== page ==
Anatomy overview

“The pancreas cuddles the left kidney,
tickles the spleen,
hugs the duodenum,
cradles the aorta,
opposes the inferior vena cava,
dallies with the right renal pedicle,
hides behind the posterior parietal peritoneum of the lesser sac,
and wraps itself around superior mesenteric vessels”       

H. Durmen


The pancreas is an organ that is located deep in the abdomen (Figure 1). It is about 15-20 centimeters long, and weighs approximately 75-150 grams. The pancreas is anatomically divided into four parts:

1. Head. The head is the widest part of the pancreas, and it is lodged within the curve of the duodenum. The uncinate process is a prolongation of pancreatic head (despite having a different embryologic genesis) which embraces superior mesenteric vessels. 

2. Neck. The neck springs from the right upper portion of the front of the head. It is about 2.5 cm long. Its posterior surface is in relation with portal vein.

3. Body. The middle section is called the body. Is somewhat prismatic in shape, and it is covered by the posterior surface of the stomach which rests upon it.

4. Tail. The thinnest part is called the tail. It extends to the left, and its extremity comes in contact with the spleen.


Figure 1. The pancreas is located deep in the abdomen. It is in relation with other retroperitoneal organs and major vessels. Taken form Gray's anaromy, Bartleby' edition


The pancreas is a compound gland, having both exocrine and endocrine functions. The exocrine component of the pancreas (pancreatic acini) makes pancreatic juices. These juices contain water, ions, and enzymes that help break down food. The juices flow through a system of ducts (called secondary ducts) leading to the main pancreatic duct (or Wirsung’s duct), which extends transversely from left to right through the substance of the pancreas (Figure 2). The pancreatic juices flow through the main duct to the duodenum, the first part of the small intestine. Within the duodenal wall, the main pancreatic duct ends by an orifice common to it and the common bile duct called ampulla of Vater. The area surrounding ampulla of Vater is called periampullary region. This area has a very complex histologic architecture.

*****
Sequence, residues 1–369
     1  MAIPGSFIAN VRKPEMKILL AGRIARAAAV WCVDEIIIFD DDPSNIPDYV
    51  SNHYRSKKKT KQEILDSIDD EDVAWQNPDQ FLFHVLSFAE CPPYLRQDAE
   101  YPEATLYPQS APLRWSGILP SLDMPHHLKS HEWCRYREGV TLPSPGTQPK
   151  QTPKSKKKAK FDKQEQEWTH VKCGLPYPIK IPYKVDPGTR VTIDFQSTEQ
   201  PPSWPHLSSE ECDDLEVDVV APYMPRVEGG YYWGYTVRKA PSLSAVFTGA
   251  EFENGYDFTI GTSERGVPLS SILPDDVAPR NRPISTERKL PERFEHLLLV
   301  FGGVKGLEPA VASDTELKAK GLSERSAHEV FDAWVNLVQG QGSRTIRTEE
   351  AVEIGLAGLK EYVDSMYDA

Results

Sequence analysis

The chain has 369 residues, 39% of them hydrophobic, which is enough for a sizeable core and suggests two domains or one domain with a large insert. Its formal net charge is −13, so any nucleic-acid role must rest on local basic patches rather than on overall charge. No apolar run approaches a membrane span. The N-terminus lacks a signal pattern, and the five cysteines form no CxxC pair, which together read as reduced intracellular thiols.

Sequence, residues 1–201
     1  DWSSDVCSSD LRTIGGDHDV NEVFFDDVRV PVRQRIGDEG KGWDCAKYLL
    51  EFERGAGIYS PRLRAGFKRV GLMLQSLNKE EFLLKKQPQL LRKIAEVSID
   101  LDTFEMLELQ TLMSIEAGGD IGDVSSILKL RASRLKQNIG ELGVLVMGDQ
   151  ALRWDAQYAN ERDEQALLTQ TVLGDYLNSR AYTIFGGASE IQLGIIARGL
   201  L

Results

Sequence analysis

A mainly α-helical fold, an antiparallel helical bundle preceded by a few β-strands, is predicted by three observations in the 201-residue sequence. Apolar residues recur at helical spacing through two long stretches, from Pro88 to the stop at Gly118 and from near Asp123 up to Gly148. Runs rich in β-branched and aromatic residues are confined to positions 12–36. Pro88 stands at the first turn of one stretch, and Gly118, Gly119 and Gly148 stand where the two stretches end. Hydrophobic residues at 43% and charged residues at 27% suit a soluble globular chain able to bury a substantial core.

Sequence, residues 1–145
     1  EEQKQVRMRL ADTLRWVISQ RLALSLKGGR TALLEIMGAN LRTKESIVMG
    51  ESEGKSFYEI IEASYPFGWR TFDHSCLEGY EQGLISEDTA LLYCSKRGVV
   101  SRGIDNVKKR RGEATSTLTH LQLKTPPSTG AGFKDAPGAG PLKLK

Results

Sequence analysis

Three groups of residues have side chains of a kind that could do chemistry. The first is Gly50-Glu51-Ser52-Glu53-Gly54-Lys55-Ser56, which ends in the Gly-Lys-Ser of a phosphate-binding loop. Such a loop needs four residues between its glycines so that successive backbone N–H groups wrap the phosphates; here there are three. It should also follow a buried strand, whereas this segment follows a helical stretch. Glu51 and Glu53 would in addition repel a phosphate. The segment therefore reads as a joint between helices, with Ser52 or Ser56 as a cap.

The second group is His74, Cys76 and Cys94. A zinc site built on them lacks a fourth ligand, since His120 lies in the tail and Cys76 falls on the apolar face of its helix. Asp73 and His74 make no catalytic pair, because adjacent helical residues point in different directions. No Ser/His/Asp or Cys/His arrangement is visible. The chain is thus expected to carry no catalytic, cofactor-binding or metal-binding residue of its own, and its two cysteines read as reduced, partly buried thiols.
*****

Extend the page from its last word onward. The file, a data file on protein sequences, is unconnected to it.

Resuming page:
An additional duct, known as the accessory pancreatic duct or duct of Santorini, is given off from the pancreatic duct in the neck of the pancreas and opens into the duodenum about 2.5 cm above the duodenal papilla, in a tiny structure called papilla minor. It receives the ducts from the lower part of the head. 


Figure 2. Pancreatic ductal system and ampulla of Vater. Taken form Gray's anaromy, Bartleby' edition


The pancreas is also an endocrine gland that makes insulin and other hormones. The regions of the pancreas containing hormone-producing cells are called Langerhans islets (Figure 3). Hormones produced in the islets of Langerhans are secreted directly into the blood flow and travel throughout the body. They help the body use or store the energy that comes from food. For example, insulin and glucagon helps control the amount of sugar in the blood.


Figure 3. Pancreatic acini with Langerhans islets. Taken form Gray's anaromy, Bartleby' edition


The pancreas is in relation with many major blood vessels (Figure 4). Inferior vena cava and aorta run posteriorly to the pancreatic head/neck. The celiac tripod arises from the aorta near the superior border of the pancreatic body. It branches into the left gastric artery, the common hepatic artery and the splenic artery. Superior mesenteric artery supplies the small bowel. It originates from the aorta a few centimenters below the celiac trunk, is attached to the posterior surface of the pancreatic head, and passes down across the uncinate process. The superior mesenteric vein runs upward on the right side of the artery and, behind the neck, joins with the splenic vein to form the portal vein. Portal vein drains the blood from the gastrointestinal tract and the spleen to the liver.


Figure 4. Anatomy of peripancreatic vessels. Taken form Gray's anaromy, Bartleby' edition